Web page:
Market volatility creates opportunity to rebalance

There’s an old saying that says the Chinese symbol for the word ‘crisis’ is made up of two words, ‘danger’ and ‘opportunity’. With all the danger that we have seen in the markets over the past week, is there any opportunity in this crisis? Let’s start by looking at the markets and what has happened

In a few short days the TSX has pulled back 9% to 10%. From the 52 weeks high in March we are down 18% to 20% and year to date, we are down 13% to 14%. Canada is feeling this correction hard as the metals and mining sector is getting hit the hardest. Gold, of course, is the only place that is winning as investors flock to the so-called ‘safe haven’.

What is causing all this volatility?

One word – FEAR! The markets have always run on fear and greed and fear is a big driver in this current market. People are fearful of the debt issue in the US. They are fearful of a slowing economy. They are fearful of pretty much everything – inflation, interest rates, job stability, etc.

Remember that the markets move on supply and demand and when there are more sellers than buyers, the markets go down and when there are more buyers and sellers, the markets go up. Quite simply there are more sellers today because of the fear and uncertainty of the future. This should not be new to anyone.

What do I make of all this?

Once again, I was on the Alberta Primetime Monday Money Panel talking about all this so I thought it was an opportune time to share some thoughts from the panel.

Market volatility and more specifically market corrections, always ignite the market timing debate. Can you predict market downturns and reduce exposure to stocks before it happens? Should you get out now in fear that it will get lower?

Academic research has proven over and over again that it is really difficult to time the markets and essentially ‘predict’ the future with any degree of accuracy. This is precisely why there has been a proliferation of low cost, passive investment strategies that don’t try to beat the market but rather replicate the market.

What’s the best strategy ahead?

If you think about it, there are three strategies you can implement today. You can buy more, sell-out or hold on. One of my favorite sites Million Dollar Journey has posted a poll that suggests people are split between buying or holding. Only a 3% plan to sell. Go and put your votes in as well.

Back in 2008, I wrote an article after the correction my advice today would stay pretty much the same (which is why I call it timeless advice) – Timeless advice for the recent market volatility

Rebalancing is the opportunity?

The investment industry is the only industry that contradicts the natural reaction to price changes. Normally, when the price goes down, we consider that a sale and it triggers a reaction to buy. This can be seen in consumer-driven opportunities like boxing day sales or Black Friday sales.

In the investment business, when prices go down, there is never a line up to buy but rather a line up to sell at lower prices. Despite the logical mantra of “buy low, sell high”, investors prefer to sell low and buy high because investor psychology leads us to irrational behavior and thinking. When an investment goes up, we can’t help but think it will keep going up. And when markets go down, they think markets will keep going down.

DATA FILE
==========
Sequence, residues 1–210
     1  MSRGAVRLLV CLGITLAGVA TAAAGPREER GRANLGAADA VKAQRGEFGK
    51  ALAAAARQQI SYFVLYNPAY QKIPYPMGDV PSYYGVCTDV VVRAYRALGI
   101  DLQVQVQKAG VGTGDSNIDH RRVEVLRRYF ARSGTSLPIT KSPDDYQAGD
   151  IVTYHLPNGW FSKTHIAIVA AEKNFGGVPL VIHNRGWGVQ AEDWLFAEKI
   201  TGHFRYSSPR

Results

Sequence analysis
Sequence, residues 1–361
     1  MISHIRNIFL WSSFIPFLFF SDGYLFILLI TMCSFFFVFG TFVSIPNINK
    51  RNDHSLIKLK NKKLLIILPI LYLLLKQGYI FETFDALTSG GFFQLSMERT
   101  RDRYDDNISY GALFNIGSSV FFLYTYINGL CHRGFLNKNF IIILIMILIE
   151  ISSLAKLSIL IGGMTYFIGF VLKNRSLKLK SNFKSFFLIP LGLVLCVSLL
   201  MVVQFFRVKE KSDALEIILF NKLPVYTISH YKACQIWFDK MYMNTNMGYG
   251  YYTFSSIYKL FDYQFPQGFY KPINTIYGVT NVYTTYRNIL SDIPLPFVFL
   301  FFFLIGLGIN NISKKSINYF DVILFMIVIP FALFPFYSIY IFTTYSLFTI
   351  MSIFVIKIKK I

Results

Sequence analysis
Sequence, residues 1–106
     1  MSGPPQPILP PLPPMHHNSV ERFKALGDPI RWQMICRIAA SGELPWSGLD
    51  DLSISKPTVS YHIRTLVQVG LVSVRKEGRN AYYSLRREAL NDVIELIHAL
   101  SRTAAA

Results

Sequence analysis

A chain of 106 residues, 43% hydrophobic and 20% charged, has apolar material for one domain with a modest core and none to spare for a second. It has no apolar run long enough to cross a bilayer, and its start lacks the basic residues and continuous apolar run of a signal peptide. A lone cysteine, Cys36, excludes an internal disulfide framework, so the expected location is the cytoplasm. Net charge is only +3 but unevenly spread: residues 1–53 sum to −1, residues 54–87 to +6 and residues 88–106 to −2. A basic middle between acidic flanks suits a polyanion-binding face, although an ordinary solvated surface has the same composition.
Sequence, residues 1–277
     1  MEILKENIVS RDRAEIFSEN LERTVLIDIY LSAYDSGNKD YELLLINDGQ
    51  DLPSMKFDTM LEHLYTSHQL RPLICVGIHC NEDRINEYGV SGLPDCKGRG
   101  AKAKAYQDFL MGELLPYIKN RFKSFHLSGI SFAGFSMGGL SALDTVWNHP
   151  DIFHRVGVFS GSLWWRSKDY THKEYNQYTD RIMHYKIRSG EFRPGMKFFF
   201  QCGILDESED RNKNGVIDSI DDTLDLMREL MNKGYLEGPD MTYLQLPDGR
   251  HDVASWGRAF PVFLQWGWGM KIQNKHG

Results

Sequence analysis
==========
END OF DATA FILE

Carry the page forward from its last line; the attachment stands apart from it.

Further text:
The one opportunity available to all investors in times of extreme volatility is the opportunity to rebalance the portfolio. I’ve been tracking the rebalancing strategy against other strategies since 1990. I used the example of four brothers who each employ 4 different investment strategies:

  1. The first put $10,000 every year into the same investments in the same mix
  2. The second puts $10,000 into last years winner
  3. The third brother puts $10,000 into last years loser
  4. The fourth brother uses the $10,000 to rebalance back to the original mix.

Over 21 years, rebalancing wins. After 21 years:

  • the brother that rebalances has $471,000
  • the brother that buys and holds has $463,000
  • the brother that chases performance has $444,000
  • the brother that chases losers has $440,000

Rebalance your portfolio today!

If you have a plan, rebalancing is just bringing the investment mix back to the original plan or mix. For those without a plan, look at your portfolio from the beginning of the year and determine your asset or investment breakdown then. Do the same today and if nothing has changed, then bring your portfolio back to the original mix you had at the beginning of the year. rebalancing can be uncomfortable because it means increasing stock exposure as opposed to decreasing it. This will ensure that you will buy low and sell high which is logical, the only way to make money.

The brilliance of boring investing

When we talk about timeless market strategies, I come back to a book written by my friend Marshall McAlister who is a portfolio manager with Pavilion House here in Edmonton called “The Brilliance of Boring Investing.” Every investor should read this book because it reminds us of what really works in investing:

  1. Have a plan and stay disciplined (Investing is a SCIENCE, not an ART)
  2. Manage your risk before anything
  3. Control your costs
  4. Rebalance from time to time
  5. Ignore the ‘noise’ that causes you to ‘cheat’ from your discipline


  1. The Blunt Bean Counter


    As usual, calm and sound advice. The problem is buy, sell , hold or rebalance, the TSX is down 2% over the last 5 years, hard for those in retirement or planning for retirment to maintain their retirment standards or reach their retirement goals.

  2. cashflowmantra

    Interesting that only 3% plan to sell. So where is all the selling coming from?

    • Jim Yih

      I was thinking the same thing myself!

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